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A provocative study at the 2017 American Society of Clinical Oncology (ACSO) Annual Meeting reported that metastatic cancer patients who self-reported their symptoms to their doctors on a weekly basis lived 5.2 months longer on average, likely due to more proactive symptom management.

Ethan Basch, MD, MSc

Dr. Ethan Basch, a medical oncologist at The University of North Carolina at Chapel Hill, conducted a clinical trial in which 766 metastatic cancer patients undergoing routine chemotherapy were randomized to either standard symptom monitoring or a self-reporting intervention, in which weekly text and email reminders directed patients to a website where they could report on 12 common symptoms.  Clinical nurses were alerted by the system if a patient reported severe or worsening symptoms, and would immediately follow-up with the patient.  The system also produced reports for doctors to guide symptom discussions during doctor visits.

In addition to increasing median overall survival by over 5 months, the study found that 31% more patients who self-reported symptoms experienced a quality of life benefit, with 15% more reporting improved quality of life and 16% fewer reporting worsened quality of life.  Also, 7% fewer patients who self-reported symptoms ended up visiting the emergency room.

Symptom management is a critical part of cancer care, as keeping patients feeling better, more functional, and more self-sufficient, not only increases quality of life, but also extends it.  However, doctors are typically unaware of up to half of patients’ symptoms, leading to delays in symptom management until after symptoms have gotten worse or caused further complications.  This study found that weekly self-reporting enabled doctors to more proactively manage patient symptoms and keep patients more functional, which was likely the largest factor contributing to the life-extending effects of this intervention.  Patients who self-reported symptoms were also able to stay on chemotherapy for ~2 months longer, which likely improved cancer control and contributed to survival and quality of life benefits.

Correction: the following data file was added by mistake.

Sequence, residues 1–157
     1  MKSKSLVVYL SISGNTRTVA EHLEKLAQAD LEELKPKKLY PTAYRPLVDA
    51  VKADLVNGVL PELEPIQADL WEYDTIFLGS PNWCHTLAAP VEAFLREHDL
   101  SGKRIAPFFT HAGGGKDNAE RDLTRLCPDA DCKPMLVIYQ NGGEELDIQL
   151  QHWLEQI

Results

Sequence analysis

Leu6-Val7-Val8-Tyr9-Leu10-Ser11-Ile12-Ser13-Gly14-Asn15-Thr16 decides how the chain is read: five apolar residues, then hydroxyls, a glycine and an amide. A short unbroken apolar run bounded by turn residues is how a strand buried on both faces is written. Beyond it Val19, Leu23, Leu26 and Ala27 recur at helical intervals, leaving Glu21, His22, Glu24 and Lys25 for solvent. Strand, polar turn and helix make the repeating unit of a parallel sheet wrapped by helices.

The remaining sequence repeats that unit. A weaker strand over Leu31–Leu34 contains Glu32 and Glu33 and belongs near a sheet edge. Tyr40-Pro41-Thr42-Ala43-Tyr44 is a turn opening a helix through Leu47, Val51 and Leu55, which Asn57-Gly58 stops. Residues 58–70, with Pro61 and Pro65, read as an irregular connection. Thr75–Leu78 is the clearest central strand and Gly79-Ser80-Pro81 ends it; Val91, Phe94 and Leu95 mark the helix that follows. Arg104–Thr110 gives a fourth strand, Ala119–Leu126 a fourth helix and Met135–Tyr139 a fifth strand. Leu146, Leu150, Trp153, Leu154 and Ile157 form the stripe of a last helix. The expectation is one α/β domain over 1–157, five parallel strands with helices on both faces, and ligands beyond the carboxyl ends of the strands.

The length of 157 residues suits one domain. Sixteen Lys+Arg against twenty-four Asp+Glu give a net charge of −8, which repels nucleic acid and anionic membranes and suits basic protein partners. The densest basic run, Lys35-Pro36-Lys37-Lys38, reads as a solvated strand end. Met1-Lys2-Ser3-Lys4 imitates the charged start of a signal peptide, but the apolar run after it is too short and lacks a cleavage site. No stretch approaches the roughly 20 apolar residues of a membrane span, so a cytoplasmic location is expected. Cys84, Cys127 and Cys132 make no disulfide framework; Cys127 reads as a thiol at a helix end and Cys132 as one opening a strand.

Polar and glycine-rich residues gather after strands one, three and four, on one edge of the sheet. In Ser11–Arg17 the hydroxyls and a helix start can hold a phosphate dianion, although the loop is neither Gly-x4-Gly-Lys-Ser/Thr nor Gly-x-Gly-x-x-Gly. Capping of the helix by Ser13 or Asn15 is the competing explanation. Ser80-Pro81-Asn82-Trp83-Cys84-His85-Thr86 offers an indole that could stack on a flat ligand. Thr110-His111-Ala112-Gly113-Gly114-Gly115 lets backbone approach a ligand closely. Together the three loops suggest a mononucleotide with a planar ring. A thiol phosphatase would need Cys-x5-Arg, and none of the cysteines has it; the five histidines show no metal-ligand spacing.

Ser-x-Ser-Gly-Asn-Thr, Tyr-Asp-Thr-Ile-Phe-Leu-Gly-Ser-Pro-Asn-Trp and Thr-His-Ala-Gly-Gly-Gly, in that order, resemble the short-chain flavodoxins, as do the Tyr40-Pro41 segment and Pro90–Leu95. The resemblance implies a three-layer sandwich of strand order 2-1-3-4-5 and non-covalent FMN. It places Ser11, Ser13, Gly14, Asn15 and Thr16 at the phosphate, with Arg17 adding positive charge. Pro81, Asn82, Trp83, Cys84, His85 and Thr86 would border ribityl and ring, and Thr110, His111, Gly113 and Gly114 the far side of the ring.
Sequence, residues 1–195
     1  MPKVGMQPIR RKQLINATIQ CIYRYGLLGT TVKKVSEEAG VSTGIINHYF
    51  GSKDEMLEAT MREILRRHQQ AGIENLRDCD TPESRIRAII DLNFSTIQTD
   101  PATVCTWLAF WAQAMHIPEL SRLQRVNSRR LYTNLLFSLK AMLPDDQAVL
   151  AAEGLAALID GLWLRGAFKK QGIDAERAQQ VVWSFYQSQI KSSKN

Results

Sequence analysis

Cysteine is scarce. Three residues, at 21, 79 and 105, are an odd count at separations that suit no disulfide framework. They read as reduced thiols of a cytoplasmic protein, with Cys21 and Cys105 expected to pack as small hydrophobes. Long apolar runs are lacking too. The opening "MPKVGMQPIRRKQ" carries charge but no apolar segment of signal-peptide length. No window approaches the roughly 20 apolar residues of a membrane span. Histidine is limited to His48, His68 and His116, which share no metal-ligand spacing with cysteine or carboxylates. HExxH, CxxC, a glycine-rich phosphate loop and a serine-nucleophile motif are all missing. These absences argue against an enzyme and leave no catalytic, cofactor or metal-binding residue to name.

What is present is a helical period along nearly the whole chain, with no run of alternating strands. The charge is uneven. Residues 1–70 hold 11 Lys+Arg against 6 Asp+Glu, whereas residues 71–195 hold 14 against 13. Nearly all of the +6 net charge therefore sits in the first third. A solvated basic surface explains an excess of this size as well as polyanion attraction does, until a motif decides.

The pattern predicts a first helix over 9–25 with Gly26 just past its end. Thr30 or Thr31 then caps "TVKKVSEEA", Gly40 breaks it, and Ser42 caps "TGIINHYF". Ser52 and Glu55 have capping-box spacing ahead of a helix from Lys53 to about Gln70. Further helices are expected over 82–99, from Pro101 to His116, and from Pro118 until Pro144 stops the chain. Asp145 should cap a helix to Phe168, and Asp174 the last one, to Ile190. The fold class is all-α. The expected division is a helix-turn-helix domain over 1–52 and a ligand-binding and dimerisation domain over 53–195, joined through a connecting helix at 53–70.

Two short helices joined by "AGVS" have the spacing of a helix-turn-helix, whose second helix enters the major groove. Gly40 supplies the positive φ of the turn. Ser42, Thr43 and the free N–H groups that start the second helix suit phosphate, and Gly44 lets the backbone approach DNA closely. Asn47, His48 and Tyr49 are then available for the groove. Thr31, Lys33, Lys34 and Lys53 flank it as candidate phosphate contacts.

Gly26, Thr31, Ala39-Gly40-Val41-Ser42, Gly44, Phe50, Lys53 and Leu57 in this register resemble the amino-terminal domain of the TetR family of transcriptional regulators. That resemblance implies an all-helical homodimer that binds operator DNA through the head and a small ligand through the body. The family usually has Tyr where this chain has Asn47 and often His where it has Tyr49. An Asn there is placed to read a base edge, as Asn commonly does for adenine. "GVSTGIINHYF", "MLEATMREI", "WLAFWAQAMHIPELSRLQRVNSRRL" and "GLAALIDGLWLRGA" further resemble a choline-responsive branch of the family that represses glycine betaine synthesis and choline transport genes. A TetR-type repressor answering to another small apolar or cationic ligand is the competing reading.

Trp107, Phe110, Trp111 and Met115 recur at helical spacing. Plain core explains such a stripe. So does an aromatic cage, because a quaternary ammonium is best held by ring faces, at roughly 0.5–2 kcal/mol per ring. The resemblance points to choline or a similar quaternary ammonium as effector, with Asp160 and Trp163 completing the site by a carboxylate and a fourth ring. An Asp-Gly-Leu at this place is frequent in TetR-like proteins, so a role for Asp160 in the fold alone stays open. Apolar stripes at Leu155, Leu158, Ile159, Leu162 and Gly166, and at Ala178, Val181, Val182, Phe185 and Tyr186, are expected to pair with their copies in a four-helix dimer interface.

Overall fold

“[A] lit match analogy is very similar to our patients’ experience with symptoms.  Their symptoms are like little matches, and if we can intervene early, we can put them out before a fire starts,” said Dr. Monika Krzyzanowska, of the Princess Margaret Cancer Center, who discussed Basch’s study at ASCO.  Dr. Krzyzanowska pointed out that patient self-reporting of symptoms extended life longer than five of the six FDA approvals for metastatic cancer in 2016 that reported effects on patient survival.

“This approach should be considered for inclusion as a part of standard symptom management, as a component of high-quality cancer care,” said Basch during his presentation at ASCO.

A national trial to further explore these results is underway.  Results from the trial have also been published in the Journal of the American Medical Association.

Dr. Andrea Miyahira has a PhD in cancer immunology, and is Director of Research at the Prostate Cancer Foundation.